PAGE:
I approached the Royal Society, and they suggested I contact Karolina Zapadka at the Babraham Institute as that could be a potential place of interest. So, in summer of 2019, I came to the Institute and met with Karolina, Fátima Kranc and Michael Wakelam. We discussed the research interests of the institute and to cut a long story short, Michael agreed to sponsor my application titled ‘Accelerating the development of early-stage research and technologies at the Babraham Institute with a view to translation’. I received the grant and my plan was to come four days a month to the Institute for a few months before moving to a more virtual real-time platform. I arrived in February 2020 and during my first couple of days people were very welcoming but they weren’t really sure who I was or what I was doing. However, by the third day, I was being asked to join meetings and set up discussions with scientists and help prepare applicants for some proof-of-concept funding. I came again in early March 2020 and met a lot more people and saw a lot of great science. I got back to Poland on the 8th March followed shortly by lockdown. This accelerated my planned move to virtual meetings but also prepared the whole world to work remotely.  It many ways it was helpful as I had a ‘captive audience’ although I always prefer seeing people face-to-face.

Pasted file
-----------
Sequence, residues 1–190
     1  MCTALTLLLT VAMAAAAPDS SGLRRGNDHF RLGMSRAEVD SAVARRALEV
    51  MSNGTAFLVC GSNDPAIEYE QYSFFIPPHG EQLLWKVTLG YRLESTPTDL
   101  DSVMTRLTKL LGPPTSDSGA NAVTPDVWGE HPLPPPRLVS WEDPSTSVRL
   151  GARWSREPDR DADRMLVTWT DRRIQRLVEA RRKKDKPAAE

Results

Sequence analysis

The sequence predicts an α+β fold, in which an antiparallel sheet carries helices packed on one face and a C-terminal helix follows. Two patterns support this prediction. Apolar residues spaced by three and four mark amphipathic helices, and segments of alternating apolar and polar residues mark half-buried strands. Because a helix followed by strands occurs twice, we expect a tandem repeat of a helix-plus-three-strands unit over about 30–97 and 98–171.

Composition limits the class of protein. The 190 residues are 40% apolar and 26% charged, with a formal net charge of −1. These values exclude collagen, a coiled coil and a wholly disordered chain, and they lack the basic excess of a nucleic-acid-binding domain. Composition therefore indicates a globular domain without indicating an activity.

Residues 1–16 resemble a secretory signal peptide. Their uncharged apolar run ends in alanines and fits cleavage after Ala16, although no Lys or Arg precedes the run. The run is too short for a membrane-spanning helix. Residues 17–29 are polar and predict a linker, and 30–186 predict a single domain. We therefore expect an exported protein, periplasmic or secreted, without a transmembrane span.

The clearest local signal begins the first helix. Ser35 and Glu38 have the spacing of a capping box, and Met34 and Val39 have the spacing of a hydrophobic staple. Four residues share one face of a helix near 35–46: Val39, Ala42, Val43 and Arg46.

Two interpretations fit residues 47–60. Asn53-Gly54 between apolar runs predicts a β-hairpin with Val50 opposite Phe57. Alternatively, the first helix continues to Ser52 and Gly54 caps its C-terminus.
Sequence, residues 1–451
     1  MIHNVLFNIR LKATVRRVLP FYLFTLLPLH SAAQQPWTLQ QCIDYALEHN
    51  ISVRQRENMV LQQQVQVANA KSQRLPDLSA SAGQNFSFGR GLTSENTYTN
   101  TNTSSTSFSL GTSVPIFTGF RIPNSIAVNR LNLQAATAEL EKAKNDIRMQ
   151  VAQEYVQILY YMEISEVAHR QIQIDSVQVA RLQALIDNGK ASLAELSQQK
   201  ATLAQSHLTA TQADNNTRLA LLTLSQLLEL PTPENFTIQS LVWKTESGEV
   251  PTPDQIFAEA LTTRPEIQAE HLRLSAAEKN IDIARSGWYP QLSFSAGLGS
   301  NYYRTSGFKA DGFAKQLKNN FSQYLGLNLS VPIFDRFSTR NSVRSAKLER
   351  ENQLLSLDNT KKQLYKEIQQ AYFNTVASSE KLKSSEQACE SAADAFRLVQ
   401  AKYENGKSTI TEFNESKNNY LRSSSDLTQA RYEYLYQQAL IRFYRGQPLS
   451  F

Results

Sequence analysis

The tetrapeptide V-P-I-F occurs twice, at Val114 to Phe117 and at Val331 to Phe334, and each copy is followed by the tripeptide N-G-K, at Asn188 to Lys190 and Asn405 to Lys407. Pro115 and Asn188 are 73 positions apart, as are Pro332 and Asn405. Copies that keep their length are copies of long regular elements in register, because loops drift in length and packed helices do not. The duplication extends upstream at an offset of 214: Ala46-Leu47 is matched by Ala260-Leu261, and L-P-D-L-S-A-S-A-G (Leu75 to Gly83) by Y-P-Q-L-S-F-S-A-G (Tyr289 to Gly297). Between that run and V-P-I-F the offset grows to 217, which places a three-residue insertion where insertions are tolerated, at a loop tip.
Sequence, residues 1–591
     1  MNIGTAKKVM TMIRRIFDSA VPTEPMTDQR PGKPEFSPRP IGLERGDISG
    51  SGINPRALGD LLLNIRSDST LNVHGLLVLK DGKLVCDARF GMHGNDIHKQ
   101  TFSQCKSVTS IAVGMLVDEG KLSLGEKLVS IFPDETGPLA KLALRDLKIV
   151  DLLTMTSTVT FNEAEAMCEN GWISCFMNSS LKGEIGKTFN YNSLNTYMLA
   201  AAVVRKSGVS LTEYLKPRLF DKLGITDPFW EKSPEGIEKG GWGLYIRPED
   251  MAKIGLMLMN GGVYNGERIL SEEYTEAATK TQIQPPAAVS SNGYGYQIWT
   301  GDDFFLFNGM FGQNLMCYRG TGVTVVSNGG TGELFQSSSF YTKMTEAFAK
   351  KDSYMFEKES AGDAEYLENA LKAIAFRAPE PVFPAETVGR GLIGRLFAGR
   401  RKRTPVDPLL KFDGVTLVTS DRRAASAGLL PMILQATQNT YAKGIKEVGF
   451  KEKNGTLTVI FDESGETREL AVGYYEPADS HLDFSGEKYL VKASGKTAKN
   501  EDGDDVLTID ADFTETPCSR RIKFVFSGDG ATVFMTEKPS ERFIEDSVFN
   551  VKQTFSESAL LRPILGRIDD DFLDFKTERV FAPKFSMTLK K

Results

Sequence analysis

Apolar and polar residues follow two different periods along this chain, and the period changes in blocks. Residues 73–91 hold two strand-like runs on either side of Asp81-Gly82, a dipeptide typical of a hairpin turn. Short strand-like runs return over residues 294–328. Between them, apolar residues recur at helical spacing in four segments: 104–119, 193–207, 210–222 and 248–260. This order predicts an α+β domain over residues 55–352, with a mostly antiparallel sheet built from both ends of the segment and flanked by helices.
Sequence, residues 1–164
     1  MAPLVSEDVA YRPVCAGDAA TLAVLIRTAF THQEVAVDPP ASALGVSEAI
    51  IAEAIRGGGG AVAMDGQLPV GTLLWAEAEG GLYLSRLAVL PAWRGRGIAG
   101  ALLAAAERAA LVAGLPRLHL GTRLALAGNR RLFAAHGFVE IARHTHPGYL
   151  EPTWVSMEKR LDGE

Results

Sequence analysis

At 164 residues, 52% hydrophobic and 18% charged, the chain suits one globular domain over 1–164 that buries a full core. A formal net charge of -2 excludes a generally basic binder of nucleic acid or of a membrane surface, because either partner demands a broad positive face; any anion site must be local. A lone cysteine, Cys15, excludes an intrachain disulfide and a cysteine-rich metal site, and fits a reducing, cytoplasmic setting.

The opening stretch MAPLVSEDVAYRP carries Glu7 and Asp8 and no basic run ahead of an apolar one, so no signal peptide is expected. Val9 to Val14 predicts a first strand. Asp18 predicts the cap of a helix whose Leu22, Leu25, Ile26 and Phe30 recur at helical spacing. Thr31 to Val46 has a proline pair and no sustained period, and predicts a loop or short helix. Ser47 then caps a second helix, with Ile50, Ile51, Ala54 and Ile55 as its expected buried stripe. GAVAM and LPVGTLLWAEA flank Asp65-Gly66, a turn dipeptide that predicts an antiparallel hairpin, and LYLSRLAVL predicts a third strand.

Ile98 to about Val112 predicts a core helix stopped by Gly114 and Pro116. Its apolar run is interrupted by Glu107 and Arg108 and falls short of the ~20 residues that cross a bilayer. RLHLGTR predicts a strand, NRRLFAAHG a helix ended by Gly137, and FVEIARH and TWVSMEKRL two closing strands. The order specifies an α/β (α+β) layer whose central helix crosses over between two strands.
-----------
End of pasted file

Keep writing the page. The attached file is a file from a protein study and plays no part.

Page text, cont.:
Secrets of commercialisation